Provided by: Julienne Schaer/NYC & Company, Inc.
Botanical Gardens

Botanical Gardens

Find an array of beautiful botanical gardens across New York City. Take in the small, lovely Queens Botanical Garden in Flushing, where visitors can follow a walkway that winds through unique floral gardens. On Staten Island, at the Snug Harbor Cultural Center and Botanical Garden, visit the popular Chinese Scholar’s Garden, where the landscaping is inspired by Taoist, Confucian and Buddhist poetry. In the Bronx, the New York Botanical Garden is a can’t-miss stop for its stunning and expansive flora – the narrated tram tour is a great way to see it all. Try to schedule a spring visit to the historic Brooklyn Botanic Garden, which is absolutely glorious during Sakura Matsuri, the annual cherry blossom festival.
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City Parks

City Parks

A picnic in one of New York City’s parks is practically a rite of passage for all New Yorkers. When the weather is nice, head to the Great Lawn in Central Park. Dotted with sunbathers, picnickers and families, this iconic green space is Manhattan’s own version of the great outdoors, complete with a backdrop of gleaming skyscrapers. Farther downtown on a scenic stretch of elevated railway, the High Line in Manhattan is a popular pedestrian park with casual cafes and fantastic views of the city. Over in Brooklyn, plan for an afternoon barbecue at Prospect Park, visiting the zoo and the Audubon Center while you’re there.
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Bridge Crossing

Bridge Crossing

Walk the city’s unique collection of bridges for a different perspective. Make sure you have plenty of storage on your camera for a stroll across the famous Brooklyn Bridge – this is a great spot for picture-taking. Cars and trucks rumble underneath while pedestrians can take gorgeous photos of the cityscape and the East River below. Crossing from Manhattan into Brooklyn, you can easily spend several hours exploring Brooklyn Bridge Park’s playgrounds, outdoor sports, kayaking, bicycling and a small beach. On a smaller scale, walk across Gapstow Bridge and Bow Bridge in Central Park. Snap some photos, and get inspired by lush views of the park with the city skyline in the background.
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Biking

Biking

Bike-friendly New York City offers many resources for those who want to journey the boroughs on wheels. The Citi Bike program is a convenient and flexible way to get around. Buy a short-term or multi-day pass to explore Central Park, Brooklyn Bridge Park, Prospect Park, the Hudson River Greenway or car-free Governors Island. While traveling on your bike, you can take in the views of the Verrazano-Narrows Bridge from the Franklin D. Roosevelt Boardwalk on Staten Island. Pedal the paved trail at the Bronx River Path, or bike to the Rockaways in Queens for a beachside ride and views of the city across the water.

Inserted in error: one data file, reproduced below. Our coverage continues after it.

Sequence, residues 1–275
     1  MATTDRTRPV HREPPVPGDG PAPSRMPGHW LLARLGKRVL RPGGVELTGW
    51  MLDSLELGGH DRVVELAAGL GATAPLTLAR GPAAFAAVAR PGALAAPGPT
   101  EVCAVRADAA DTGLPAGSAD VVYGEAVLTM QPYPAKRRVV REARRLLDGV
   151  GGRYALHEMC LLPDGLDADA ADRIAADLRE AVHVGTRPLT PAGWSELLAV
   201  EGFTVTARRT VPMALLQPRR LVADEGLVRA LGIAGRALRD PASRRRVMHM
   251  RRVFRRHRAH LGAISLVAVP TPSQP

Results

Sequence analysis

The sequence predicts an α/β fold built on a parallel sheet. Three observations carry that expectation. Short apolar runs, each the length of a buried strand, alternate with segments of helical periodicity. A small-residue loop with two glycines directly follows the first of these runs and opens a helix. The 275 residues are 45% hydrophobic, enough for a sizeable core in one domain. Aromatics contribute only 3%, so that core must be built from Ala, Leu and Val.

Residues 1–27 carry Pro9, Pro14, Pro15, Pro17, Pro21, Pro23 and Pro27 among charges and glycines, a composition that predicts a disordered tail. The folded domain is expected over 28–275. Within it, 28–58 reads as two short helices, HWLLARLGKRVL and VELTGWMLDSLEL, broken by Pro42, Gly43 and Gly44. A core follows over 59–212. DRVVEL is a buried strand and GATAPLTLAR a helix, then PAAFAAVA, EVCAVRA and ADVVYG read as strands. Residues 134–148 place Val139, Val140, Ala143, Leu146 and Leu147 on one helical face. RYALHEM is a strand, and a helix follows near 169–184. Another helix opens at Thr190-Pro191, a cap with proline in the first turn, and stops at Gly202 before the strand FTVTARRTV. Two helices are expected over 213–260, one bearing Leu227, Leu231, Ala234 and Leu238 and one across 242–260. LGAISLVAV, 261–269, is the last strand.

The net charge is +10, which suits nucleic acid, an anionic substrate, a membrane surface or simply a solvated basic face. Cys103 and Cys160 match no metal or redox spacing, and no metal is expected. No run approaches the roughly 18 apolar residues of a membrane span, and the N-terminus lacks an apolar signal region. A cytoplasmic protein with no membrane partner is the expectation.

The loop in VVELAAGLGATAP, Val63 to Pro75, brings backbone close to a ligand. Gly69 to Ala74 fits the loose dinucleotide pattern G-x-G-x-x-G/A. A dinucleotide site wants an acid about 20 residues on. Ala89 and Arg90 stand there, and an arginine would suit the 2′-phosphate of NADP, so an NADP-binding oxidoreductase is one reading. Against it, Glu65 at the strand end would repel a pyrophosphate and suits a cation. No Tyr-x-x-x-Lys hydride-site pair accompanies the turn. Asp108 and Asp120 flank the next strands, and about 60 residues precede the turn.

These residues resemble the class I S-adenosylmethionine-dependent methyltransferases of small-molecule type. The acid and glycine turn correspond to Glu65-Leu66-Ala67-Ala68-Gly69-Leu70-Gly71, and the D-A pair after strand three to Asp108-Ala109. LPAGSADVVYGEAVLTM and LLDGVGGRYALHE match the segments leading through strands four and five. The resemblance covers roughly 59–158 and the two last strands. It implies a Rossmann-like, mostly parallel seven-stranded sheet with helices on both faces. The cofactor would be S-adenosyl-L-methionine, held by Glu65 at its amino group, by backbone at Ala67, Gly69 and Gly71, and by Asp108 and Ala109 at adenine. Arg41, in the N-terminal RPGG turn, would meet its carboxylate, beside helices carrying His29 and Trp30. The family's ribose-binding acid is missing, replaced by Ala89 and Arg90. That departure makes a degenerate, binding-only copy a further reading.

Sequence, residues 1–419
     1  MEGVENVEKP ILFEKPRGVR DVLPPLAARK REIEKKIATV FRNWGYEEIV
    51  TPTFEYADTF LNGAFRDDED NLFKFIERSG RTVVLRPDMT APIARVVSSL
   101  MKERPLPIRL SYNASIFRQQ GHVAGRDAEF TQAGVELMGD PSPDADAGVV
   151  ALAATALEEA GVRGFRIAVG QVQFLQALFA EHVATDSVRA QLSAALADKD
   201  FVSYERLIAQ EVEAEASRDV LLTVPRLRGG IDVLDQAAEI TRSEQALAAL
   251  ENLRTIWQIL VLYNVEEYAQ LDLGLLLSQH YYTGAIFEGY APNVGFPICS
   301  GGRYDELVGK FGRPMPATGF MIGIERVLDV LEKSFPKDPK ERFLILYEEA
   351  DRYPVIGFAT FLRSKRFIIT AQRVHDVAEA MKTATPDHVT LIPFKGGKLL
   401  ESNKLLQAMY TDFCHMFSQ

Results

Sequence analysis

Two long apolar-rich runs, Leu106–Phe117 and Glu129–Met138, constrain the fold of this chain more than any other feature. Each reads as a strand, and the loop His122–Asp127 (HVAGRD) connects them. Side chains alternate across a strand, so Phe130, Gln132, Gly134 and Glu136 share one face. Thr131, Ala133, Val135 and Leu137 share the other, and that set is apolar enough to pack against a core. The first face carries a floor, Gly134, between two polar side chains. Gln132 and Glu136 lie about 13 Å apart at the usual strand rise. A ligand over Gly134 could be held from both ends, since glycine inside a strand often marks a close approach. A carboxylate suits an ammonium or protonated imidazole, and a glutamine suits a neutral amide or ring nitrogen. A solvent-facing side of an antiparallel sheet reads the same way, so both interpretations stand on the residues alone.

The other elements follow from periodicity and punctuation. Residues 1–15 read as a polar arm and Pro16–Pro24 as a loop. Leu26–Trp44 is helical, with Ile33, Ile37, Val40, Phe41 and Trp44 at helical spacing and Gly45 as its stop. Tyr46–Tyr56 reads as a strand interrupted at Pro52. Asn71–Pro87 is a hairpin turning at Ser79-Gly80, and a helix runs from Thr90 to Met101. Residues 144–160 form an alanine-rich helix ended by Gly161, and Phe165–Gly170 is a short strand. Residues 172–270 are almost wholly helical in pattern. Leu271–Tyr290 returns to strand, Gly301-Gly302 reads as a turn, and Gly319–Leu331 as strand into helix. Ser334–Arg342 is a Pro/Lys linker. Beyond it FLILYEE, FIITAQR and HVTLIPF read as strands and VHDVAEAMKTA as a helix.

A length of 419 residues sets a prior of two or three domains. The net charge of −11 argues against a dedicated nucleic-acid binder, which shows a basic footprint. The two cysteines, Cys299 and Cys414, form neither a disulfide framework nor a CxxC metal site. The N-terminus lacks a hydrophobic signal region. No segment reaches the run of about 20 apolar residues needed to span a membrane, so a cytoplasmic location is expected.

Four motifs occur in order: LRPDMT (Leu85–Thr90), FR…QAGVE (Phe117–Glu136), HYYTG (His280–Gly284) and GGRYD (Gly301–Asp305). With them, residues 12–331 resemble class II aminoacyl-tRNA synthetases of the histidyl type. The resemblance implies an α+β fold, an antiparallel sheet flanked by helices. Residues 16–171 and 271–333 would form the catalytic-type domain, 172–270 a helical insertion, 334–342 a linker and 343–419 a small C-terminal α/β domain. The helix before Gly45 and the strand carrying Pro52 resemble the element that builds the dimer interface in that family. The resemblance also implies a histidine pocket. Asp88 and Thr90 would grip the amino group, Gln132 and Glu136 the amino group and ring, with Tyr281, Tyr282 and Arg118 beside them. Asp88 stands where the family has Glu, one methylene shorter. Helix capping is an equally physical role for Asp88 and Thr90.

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Running

Running

New York City is also a playground for runners. To start, scenic Van Cortlandt Park in the Bronx, New York City’s third-largest park, is awesome for jogging on the wooded trails or track. The trails are especially pretty when the leaves change color in the fall season. Running aficionados can join other runners on the soft-surface Reservoir Loop in Central Park, a 2.5-kilometer trail with great skyline views. Discover a hidden treasure in Roosevelt Island situated between Manhattan and Queens. Take the aerial tram over the East River to access this off-the-beaten-path locale. As you jog the paved trails, keep an eye out for several fascinating landmarks, including the Gothic-revival North Point Lighthouse at the northern tip of the island.
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Ice Skating

Ice Skating

When the weather gets chilly, the outdoor rink at Rockefeller Center in Manhattan is likely New York City’s best-known skating spot. The rink is open October through April and is a must-do activity if you’re visiting during the colder months. Also in Manhattan, both Lasker Rink and Wollman Rink in Central Park offer rentals and lessons in the winter season. The LeFrak Center at Lakeside Prospect Park in Brooklyn has two skating rinks that also host ice hockey, broom ball and other winter ice activities.
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Kayaking

Kayaking

New York City is surrounded by water, offering plenty of places for paddlers to explore. From Staten Island’s South Beach, Kayak Staten Island offers free, 15-minute kayaking sessions for beginners. Once you get the hang of it, you can rent your own and set out from multiple launch points on the island’s eastern shore. Another great paddling location is the Brooklyn Bridge Park Boathouse, where you can reserve a free kayak for 20 minutes on the weekends from June through August. Be sure to have a camera ready to capture outstanding views of the city and the Brooklyn Bridge. Long Island City Community Boathouse in Queens also provides free, 20-minute slots for walk-up kayaking and canoeing on Hallets Cove.
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